Malware. Data theft. Ransomware. Everyone wants to know who was behind the latest audacious attack. Several attempts have been made over the years to use linguistics to identify perpetrators, but when it comes to attribution, there are limitations to using this method.

Linguistic analysis came up recently when analysts at intelligence firm Flashpoint said there was a Chinese link with the WannaCry ransomware. Much of the security research up till then had pointed to North Korean ties, as the attacks reused infrastructure components associated with the shadowy Lazarus Group. Before that, a Taia Global report suggested the The Shadow Brokers’ manifesto was actually written by a native English speaker, despite the broken English. Linguistic analysis also was used to suggest that Guccifer 2.0, who released documents stolen from the Democratic National Committee, was likely not Romanian as claimed. Back in 2014, Taia Global said linguistic clues pointed the Sony breach to Russian actors, and not the North Koreans as the United States government had claimed.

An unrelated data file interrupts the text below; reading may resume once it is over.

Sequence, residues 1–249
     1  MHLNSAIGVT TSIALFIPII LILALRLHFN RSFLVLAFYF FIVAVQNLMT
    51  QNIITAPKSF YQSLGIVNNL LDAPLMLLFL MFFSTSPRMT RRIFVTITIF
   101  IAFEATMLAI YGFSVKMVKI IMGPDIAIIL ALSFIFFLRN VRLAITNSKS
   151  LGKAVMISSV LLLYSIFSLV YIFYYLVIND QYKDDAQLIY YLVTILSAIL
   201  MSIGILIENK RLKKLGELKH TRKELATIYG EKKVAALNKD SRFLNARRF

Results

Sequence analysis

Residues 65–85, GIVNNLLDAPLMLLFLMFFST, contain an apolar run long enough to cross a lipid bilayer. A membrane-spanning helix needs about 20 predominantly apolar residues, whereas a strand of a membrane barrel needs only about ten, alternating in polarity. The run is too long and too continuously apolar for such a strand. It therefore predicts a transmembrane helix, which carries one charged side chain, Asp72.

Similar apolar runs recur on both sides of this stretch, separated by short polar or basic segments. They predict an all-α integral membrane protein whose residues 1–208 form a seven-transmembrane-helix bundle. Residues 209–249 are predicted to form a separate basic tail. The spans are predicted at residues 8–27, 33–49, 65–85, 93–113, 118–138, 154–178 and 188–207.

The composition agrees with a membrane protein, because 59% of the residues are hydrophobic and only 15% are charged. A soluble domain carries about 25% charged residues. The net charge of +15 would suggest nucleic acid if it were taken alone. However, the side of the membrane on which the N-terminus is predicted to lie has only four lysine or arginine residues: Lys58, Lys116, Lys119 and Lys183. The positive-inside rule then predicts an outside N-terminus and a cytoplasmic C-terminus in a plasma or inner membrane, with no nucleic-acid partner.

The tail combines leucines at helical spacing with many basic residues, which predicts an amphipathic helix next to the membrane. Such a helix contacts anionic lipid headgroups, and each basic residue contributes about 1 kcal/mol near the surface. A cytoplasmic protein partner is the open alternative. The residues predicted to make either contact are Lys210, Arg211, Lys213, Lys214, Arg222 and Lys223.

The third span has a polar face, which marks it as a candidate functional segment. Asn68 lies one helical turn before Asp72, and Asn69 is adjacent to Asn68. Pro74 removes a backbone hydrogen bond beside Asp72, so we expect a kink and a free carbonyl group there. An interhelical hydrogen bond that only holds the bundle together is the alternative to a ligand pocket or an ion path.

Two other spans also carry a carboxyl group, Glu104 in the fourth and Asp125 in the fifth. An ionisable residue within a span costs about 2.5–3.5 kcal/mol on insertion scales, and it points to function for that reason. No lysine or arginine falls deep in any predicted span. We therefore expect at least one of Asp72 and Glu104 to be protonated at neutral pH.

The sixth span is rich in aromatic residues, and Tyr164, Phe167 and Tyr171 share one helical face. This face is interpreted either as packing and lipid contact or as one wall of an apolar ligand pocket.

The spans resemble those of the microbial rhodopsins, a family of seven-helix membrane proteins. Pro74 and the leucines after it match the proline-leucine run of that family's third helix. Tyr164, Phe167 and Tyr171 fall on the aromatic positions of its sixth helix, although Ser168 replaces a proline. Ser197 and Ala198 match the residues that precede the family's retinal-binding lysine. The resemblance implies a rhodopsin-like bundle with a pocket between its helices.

To read this article in full or to leave a comment, please click here

Read more here:: IT news – Security

Why linguistics can’t always identify cyber attackers’ nationality